For some of Frei Otto’s most important designs, such as those for Munich and Montreal, the key working tools used were measurement models. At a time when the computer age was still in its infancy, they were the best way of exploring the load-bearing properties of Otto’s audaciously shaped roofs. Subsequently, the irregular shapes had to be copied from the models into drawings. Working with and on the models was also the most important method for the basic research that Frei Otto intensively conducted, first at his private “Entwicklungsstätte für Leichtbau” in Berlin and then from 1964 as the Director of the “Institut für Leichte Flächentragwerke” at TH Stuttgart (now Stuttgart University). So the Karlsruhe exhibition is more than justified in placing Otto’s “Thinking by Modeling” at the center of things – in a quite literal sense.
Various fields of research
The presentation focuses on 18 “wallpapering trestle tables” that apparently reference Frei Otto’s own desktops and lay out before us several of the fields in which he researched and experimented. Here, Otto’s systematic experiments using models are documented, for example using heaps of sand or soap bubbles, or his hanging rope-and-chain models used to conduct basic research into load-bearing properties. The lighting is handled beautifully here with pendant luminaires with extra-long cables that thus resemble the experimental suspended models displayed beneath them.
The second eye-catcher is the so-called “model world,” a table some 50 meters long on which a vast array of models are on show. These are arranged by scale. Design drawings along the edge of the table create the context for the individual models. The wealth of miniature masterpieces is truly a feast for the eyes. Here, the exhibition organizers were able to draw on the 400-plus models in the Otto estate at SAAI.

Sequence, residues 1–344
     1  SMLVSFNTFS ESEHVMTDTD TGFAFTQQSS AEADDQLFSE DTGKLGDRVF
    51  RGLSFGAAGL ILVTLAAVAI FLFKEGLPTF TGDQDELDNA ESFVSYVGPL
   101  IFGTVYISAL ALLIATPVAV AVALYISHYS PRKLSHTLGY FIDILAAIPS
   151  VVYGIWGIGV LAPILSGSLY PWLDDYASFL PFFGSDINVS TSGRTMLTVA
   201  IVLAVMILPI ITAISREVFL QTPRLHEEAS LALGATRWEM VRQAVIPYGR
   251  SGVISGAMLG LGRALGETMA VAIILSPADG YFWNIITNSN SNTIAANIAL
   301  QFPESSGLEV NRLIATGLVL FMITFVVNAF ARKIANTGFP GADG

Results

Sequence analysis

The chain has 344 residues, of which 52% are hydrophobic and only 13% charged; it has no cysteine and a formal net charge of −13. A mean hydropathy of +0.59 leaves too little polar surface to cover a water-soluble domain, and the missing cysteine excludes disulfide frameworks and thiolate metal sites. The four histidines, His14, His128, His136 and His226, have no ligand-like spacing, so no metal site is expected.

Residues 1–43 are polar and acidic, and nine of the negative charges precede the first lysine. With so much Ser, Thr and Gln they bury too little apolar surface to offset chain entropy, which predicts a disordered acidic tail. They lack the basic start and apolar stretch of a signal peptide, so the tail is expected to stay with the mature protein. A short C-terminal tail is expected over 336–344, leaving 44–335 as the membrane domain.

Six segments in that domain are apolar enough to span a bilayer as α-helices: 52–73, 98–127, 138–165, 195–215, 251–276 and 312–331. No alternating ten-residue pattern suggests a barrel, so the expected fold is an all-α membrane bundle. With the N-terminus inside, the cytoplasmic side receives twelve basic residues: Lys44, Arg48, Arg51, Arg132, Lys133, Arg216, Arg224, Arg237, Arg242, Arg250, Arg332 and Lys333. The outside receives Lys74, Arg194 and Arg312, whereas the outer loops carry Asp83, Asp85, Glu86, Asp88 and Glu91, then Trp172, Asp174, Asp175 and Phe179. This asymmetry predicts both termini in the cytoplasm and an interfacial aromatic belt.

An open archive
The task of presenting the oeuvre is assigned to the “Open Archive” as it is called: 18 steel shelf structures that run round the four walls of the exhibition hall. In chronological sequence, the shelves shed light on the individual phases of his output, the work groups and the projects. On show are almost exclusively paper exhibits, above all countless photographs. The curators evidently feel sure that the images and objects are self-explanatory. Yet here I for one really wish that there was more information available. The most informative part of this exhibition section is old TV footage on Frei Otto shown on monitors on the shelves.
The exhibition is a mixed bag. Without doubt, the exhibition organizers offer a comprehensive overview of Frei Otto’s estate. The multitude of photographs and models on show is impressive. And in aesthetic terms, Marc Frohn’s exhibition architecture is compelling. The main shortcoming is that it does not succeed in taming the excess of material. Visitors are all too often left to their own devices when viewing the exhibits. The curators were evidently overly confident that we can draw our own conclusions about the images and models without needing explanatory texts to accompany the objects. Is the exhibition intended only for well-informed architects and engineers? Sadly, to date the gap can’t be filled by leafing through the catalog, either. It is not likely to be available until the beginning of January 2017. Such a scheduling fiasco would not have happened to Frei Otto.
Frei Otto – Thinking by Modeling
Thru March 12, 2017